The 5 Secrets of Tom Hooper’s ‘King’s Speech’ Success
How did Tom Hooper win DGA and pole vault to a likely King's Speech Oscar? "I'm a failed actor." But one frosty look from Helen Mirren made him a great director of Colin Firth and Geoffrey Rush.
After the one-two punch of Hooper's Directors Guild Award win Jan. 29 and The King's Speech's Jan. 30 SAG wins (the best picture Oscar-like Best Ensemble and Firth's inevitable Best Actor), The Social Network reels on the ropes (though not on the mat), and we pundits who predicted David Fincher's DGA win drink even harder than usual.
So how did Hooper do it? What are the secrets of his success?
1. Fail as a Child Actor Directed by Roger Mortimer. His ex-Royal Shakespeare Company drama teacher when he was 10 to 12 taught him well. "I'm a failed actor," confesses Hooper. "But I was a very strategic 11-year-old and I said, 'Hold on, if I'm not getting the lead in a school of 300, I probably shouldn't be an actor.'" So he "nicked" (stole) a book on filmmaking and became a director instead. And he never forgot the acting lessons Mortimer drummed into his Oxford-bound skull.
2. Listen to Helen Mirren, Don't Be an Actor Manipulator Like Howard Hawks. Hawks once got a startled reaction he wanted from Rita Hayworth in Only Angels Have Wings by feeding her ego with compliments all morning, then having Cary Grant dump a pitcher of water on her head on camera. Mirren would not respond well to this technique. "Working with Helen Mirren, you don't want to go, 'Right, Helen, on this line you've gotta be here, because I've got this shot lined up.'" says Hooper. "She'll just give you one of those looks that only Helen Mirren can give you and go, 'Well, that's great, but for these reasons I think my character would do this.' I learned from her to love that moment of rehearsal -- you've got your plan, but what does she bring to it?"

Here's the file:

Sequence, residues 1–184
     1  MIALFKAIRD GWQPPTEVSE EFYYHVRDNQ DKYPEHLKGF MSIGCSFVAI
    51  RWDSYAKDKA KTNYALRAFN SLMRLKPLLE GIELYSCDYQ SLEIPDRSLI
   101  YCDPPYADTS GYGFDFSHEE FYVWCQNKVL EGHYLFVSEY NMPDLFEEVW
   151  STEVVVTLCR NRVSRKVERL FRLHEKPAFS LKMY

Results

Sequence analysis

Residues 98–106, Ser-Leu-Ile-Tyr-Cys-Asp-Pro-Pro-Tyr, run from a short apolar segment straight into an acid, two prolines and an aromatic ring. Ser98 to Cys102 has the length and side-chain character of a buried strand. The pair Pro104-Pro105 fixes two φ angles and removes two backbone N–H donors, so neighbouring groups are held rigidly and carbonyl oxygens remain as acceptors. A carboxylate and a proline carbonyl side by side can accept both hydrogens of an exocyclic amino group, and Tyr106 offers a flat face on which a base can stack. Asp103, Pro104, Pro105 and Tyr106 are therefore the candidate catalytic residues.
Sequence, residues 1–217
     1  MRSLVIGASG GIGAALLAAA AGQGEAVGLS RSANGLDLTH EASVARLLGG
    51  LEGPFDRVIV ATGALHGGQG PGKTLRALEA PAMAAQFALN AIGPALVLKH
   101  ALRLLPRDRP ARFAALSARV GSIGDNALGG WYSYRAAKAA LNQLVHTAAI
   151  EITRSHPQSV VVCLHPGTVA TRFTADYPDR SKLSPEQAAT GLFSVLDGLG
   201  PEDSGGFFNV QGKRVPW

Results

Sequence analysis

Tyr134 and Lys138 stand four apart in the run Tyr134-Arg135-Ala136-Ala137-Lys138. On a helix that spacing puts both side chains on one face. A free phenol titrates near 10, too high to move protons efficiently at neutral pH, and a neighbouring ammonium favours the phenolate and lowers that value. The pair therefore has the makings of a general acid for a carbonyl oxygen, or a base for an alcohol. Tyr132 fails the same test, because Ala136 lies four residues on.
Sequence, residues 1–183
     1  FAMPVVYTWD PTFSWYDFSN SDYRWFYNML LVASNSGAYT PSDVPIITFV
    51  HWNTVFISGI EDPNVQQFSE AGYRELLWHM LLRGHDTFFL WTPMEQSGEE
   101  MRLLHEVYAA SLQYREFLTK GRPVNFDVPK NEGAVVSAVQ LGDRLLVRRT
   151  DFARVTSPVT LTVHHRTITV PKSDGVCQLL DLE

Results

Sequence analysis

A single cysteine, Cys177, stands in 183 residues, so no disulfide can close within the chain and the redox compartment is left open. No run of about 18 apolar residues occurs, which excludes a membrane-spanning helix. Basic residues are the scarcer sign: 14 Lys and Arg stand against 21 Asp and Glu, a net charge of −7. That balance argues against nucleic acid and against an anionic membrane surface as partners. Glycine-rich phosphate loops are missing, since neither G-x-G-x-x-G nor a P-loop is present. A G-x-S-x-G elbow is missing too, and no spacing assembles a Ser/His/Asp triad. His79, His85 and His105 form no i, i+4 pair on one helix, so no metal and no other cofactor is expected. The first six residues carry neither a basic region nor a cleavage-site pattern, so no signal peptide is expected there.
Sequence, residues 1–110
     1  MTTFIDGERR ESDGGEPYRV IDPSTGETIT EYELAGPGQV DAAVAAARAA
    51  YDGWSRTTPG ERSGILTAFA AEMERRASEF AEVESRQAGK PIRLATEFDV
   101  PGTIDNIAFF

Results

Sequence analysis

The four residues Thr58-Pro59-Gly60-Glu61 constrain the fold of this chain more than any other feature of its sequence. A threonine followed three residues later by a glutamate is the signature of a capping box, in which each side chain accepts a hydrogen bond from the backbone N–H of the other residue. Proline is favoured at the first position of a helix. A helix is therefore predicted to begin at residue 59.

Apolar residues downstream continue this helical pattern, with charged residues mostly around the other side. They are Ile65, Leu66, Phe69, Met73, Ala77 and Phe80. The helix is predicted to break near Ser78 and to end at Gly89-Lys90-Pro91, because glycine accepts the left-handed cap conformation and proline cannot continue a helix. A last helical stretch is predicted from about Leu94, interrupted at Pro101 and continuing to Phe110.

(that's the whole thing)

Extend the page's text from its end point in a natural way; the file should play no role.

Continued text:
"So I became good in a very quickfooted way in reconsidering how I was gonna shoot to take advantage of the spontaneity of that rehearsal. In King's Speech we had three weeks."
3. Listen to Geoffrey Rush. Out of the rehearsal came a crucial King's Speech montage of speech lessons. "That was Geoffrey Rush's idea, because the risk was you'd have a film where these guys meet six times and he's fine, you wouldn't understand the frequency and intensity of the relationship."
4. Listen to Geoffrey's Body Talk. "Geoffrey was trained at Lecoq Mime School in Paris, and is consequently brilliant in the way he carries his body. His Exit the King on Broadway was a master class in physical acting. So I'd start out with a closeup and -- oh God, he's doing something amazing with his hand which I'm missing. Then we'd go a bit wider. Then I'd go, God, I love that, but I'm missing the silhouette his body's making, so I'd go wider still, to explore his body language."
"So it made me think about Colin's body language. Was there a way he could create a silhouette specific to Bertie? Was there a way of deconstructing the confidence with which Colin naturally stands, 'cause he's a big strapping lad of six foot three and, and, and, and [Hooper sometimes repeats words rapidly, a bit like stuttering] creating a sense of a man who folds into himself, crumples into himself? Who on a sofa will sit in the corner as if to use the arm of the sofa as a kind of friend, as a security blanket?"